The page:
Warrior is about two brothers who are Mixed Martial Arts (MMA) fighters, and their father. The younger brother is a prodigal son who has, after fourteen years on the run, returned home. The older brother, married with two daughters, is a high school physics teacher about to lose his house; when he returns to fighting in order to earn extra money, he loses his teaching position. The father is a recovering alcoholic, one thousand days dry, who abused the boys and their mother when they were young. The boys are destined from the film's opening to end up fighting in the same MMA competition, and the story flies like a jump-kick toward that conclusion, leaping over every plot hole that threatens to get in its way.
Watching Warrior requires a continuous suspension of disbelief. One must overlook the many convenient coincidences that make the story work. There are more instances of "this scene is happening because we need it to reach the final, unavoidable confrontation" than should be allowed in any movie trying to tell a believable story.
Fortunately for Warrior, it is not trying to tell a believable story. Warrior is all pathos and catharsis. Warrior is a thinly drawn way for its audience to work out its negative emotions about the mortgage crisis and wars of recent years. The characters are drawn with such broad strokes and given such blatant motivations, the audience very easily attaches to the characters' stories and roots for or against them. At its best, this form of storytelling is illuminative, like a parables or a fable. At its worst, it's manipulative, like melodrama and propaganda.
Warrior stands somewhere between parable and propaganda. The film might have approached parable if its resolution had been clearer or its subject less complex. It would also be dangerous propaganda if it were less compassionate and well intentioned. I would rather it be one of the two, because either one would be easier to understand and dialogue with; since it's neither, I left the theater conflicted and confused.
Warrior is thrilling and intense—but also difficult and disturbing. Never in all my years of watching combat films like Rocky, The Fighter, or anything starring Jackie Chan have I so wanted a character to win a fight. For all its maudlin melodrama, Warrior is effective in getting its audience to care about its characters.
But never in my life have I wanted one person to injure another so badly. I never want to feel that again.
MMA and UFC fighting are complex cultural phenomena, and Warrior carries all that complexity into the theater. Also unfortunately, it does not critique the cage. I am not going so far as to say that that MMA and UFC are morally bankrupt enterprises; there is an element of physical combat in all of our sports, and that physicality is part of what makes them compelling. But there is also a brutality represented in MMA and UFC fighting that ought to give us pause. Most distressingly, and, perhaps, most fittingly, Warrior's most cathartic moments are also its most brutal.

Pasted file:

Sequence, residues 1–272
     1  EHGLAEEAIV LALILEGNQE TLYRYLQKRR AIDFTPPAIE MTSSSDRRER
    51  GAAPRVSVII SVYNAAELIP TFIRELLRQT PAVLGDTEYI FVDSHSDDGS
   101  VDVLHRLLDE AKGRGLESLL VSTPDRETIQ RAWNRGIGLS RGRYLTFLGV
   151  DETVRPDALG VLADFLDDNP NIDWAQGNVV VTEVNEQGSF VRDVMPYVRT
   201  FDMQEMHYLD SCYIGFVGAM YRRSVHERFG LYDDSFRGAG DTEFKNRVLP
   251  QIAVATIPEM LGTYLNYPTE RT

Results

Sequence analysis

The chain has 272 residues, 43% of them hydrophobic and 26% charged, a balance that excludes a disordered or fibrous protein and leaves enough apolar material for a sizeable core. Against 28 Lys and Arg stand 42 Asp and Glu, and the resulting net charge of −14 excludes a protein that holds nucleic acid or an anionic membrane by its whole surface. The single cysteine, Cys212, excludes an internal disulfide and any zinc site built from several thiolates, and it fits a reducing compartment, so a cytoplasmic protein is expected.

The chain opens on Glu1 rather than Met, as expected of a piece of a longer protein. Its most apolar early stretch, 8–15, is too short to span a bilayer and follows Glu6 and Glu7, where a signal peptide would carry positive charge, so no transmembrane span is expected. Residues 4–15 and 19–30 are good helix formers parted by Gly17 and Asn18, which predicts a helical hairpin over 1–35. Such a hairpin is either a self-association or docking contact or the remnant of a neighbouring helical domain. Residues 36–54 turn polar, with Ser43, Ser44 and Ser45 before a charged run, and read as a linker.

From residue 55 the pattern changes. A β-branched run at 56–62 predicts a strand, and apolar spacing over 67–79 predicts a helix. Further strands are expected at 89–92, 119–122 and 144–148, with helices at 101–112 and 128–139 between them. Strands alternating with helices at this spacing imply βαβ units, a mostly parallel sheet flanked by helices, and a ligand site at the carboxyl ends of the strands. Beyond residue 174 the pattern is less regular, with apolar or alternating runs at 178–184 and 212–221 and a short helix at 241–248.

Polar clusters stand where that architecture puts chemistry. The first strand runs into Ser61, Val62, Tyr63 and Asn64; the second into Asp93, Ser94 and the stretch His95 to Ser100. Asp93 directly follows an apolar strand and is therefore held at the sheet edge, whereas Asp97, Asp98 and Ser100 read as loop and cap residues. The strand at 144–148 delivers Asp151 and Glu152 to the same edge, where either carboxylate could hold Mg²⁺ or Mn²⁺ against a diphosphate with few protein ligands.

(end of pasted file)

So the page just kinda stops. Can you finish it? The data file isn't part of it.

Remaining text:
Warrior tries hard to be about forgiveness and reconciliation, but it has no idea how to get there. All it knows how to do is beat people down and "hug it out" when all the fight is gone out of everyone. Warrior is juvenile and stunted, seemingly stuck on the playground when its classmates have grown up and learned how to converse.
Many very vocal segments of the Christian population wholeheartedly embrace MMA and UFC fighting. They see it as a way to appeal to young men, who are underrepresented in American churches. Another segment vehemently opposes cage fighting because of the brutality it seems to promote. Neither side seems willing to talk to the other. Like the fighters themselves and their fans, cage fighting is more complex than simple acceptance or rejection. I can point you to an excellent article from a former cage fighter on the subject.
In the last analysis, Warrior is a thrilling yet deeply flawed and disturbing film. I cannot recommend it—but I cannot reject it either. I do ask though that if you see it, think hard about what you are watching. The issues presented are not as simple as the movie makes them out to be.
Elijah Davidson is the Co-Director of Reel Spirituality at Fuller Seminary's Brehm Center for theology, arts and culture. Follow his reflections via Twitter, or at the Brehm Center blog and the Reel Spirituality website.